This resource was created by Abigail Schmid and Kate Reilly.
Summertime will sizzle on the Duke Farms Distance Learning Portal through an eclectic array of environmental topics that feature the sights, sounds, and smells of this sensational season as was artistically captured in Dunbar’s historical work. We hope that you are inspired to find your own nature-based adventures and create reflections and memories to last a lifetime.
Summer in the South
The Oriole sings in the greening grove
As if he were half-way waiting,
The rosebuds peep from their hoods of green,
Timid, and hesitating.
The rain comes down in a torrent sweep
And the nights smell warm and pinety,
The garden thrives, but the tender shoots
Are yellow-green and tiny.
Then a flash of sun on a waiting hill,
Streams laugh that erst were quiet,
The sky smiles down with a dazzling blue
And the woods run mad with riot.
Paul Laurence Dunbar, born in 1872, is the author of numerous collections of poetry and prose.
He is one of the first African American poets to gain national recognition.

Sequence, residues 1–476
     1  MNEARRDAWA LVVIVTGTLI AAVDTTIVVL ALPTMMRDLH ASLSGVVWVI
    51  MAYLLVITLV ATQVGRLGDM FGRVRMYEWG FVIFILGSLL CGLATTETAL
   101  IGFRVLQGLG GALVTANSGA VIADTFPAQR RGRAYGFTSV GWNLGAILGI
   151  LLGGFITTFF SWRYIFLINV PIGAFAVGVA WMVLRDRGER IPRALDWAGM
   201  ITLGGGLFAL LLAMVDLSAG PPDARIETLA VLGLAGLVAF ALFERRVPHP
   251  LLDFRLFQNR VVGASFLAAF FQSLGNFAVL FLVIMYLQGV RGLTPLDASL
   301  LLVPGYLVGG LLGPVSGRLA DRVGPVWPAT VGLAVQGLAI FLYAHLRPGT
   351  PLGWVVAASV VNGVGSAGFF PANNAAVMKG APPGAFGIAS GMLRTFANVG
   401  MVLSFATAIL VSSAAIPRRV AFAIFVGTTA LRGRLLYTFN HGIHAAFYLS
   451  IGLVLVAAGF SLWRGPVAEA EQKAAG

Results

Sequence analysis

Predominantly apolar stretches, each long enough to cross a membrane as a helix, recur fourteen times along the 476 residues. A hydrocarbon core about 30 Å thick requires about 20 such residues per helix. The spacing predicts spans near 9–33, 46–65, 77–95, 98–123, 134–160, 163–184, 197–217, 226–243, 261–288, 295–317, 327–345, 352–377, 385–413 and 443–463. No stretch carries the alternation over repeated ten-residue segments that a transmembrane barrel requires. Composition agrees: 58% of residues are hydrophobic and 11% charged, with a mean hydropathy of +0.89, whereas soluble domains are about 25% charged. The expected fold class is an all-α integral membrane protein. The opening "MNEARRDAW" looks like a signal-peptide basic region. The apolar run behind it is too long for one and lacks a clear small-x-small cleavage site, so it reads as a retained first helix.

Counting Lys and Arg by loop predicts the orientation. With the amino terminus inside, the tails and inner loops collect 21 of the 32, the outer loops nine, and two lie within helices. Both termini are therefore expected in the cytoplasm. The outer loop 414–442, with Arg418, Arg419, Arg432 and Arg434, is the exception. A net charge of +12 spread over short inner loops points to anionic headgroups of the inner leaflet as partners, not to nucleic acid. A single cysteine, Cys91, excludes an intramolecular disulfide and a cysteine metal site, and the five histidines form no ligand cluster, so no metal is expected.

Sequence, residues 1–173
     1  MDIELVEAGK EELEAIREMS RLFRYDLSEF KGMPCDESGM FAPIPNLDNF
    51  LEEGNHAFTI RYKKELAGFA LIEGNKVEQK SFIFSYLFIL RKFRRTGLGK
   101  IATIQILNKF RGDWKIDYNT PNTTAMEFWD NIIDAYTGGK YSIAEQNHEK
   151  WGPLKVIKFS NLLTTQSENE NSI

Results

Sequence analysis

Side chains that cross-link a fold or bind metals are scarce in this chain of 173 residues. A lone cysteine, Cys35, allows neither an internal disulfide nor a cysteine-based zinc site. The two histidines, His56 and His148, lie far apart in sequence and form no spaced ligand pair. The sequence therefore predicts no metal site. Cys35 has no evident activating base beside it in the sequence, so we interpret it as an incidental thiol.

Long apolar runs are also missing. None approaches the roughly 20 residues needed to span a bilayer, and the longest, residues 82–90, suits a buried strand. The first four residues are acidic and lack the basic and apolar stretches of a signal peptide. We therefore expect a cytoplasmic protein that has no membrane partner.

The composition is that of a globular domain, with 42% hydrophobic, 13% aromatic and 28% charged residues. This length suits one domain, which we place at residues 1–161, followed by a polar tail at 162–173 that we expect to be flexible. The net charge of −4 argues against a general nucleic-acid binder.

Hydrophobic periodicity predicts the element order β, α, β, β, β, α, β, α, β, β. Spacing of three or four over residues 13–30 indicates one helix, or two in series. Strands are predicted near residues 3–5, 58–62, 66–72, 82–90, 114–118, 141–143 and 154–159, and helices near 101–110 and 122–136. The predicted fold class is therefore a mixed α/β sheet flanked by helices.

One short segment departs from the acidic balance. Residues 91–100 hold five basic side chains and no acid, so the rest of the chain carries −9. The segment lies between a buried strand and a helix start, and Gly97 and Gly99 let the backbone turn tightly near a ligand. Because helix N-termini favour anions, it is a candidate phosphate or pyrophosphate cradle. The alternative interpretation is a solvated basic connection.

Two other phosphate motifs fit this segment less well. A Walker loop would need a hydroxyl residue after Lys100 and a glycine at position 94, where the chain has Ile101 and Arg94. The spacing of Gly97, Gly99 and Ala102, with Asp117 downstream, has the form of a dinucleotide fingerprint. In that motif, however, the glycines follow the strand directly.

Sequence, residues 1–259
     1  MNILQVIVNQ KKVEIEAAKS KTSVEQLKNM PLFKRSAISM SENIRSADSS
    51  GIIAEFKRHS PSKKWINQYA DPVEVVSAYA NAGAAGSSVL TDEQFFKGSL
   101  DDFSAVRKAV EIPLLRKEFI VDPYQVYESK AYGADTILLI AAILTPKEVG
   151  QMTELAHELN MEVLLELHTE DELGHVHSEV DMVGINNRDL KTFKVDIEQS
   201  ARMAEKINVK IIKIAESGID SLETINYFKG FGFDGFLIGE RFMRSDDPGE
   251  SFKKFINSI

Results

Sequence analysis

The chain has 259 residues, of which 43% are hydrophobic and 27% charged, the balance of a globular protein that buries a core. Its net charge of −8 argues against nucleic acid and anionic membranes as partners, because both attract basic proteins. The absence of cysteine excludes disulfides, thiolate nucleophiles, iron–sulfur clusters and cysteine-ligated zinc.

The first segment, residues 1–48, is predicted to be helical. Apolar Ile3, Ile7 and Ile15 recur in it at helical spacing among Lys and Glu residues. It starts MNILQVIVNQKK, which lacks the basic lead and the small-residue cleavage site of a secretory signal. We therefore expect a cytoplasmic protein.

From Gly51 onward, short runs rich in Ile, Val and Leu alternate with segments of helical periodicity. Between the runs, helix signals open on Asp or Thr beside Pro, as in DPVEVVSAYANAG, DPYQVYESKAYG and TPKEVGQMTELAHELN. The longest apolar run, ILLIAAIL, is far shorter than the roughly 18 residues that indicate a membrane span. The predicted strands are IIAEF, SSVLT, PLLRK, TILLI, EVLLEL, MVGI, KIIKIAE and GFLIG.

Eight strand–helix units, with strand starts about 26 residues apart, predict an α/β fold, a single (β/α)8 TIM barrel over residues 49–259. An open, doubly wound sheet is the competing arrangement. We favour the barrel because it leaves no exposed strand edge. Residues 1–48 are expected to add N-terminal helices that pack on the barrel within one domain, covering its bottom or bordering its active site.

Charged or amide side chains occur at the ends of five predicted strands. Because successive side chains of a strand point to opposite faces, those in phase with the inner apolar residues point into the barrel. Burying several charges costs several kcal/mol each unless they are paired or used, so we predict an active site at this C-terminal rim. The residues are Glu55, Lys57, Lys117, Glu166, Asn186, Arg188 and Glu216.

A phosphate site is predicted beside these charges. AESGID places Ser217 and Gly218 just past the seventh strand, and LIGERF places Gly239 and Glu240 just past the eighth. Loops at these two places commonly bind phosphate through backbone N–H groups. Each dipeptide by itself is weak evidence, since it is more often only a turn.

New Jersey's rivers are home to 90 species of freshwater fish - 67% of those fish are native. Surprisingly, species we hear about most often like the brown trout, rainbow trout, largemouth and smallmouth bass, were introduced and naturalized over time. Curious about the native species? Among the 60 species are the American eel, American shad, brook trout, blue-spotted sunfish, and redfin pickerel.
The lake system at Duke Farms includes nonnatives and NJ natives. However, the main factor that determines which fish you'll find is the water temperature. Because the lakes at Duke Farms are generally shallow, the water is warmer overall. Warm water holds less dissolved oxygen than cold water - these are the factors that influence which types of fish survive in which waterbodies.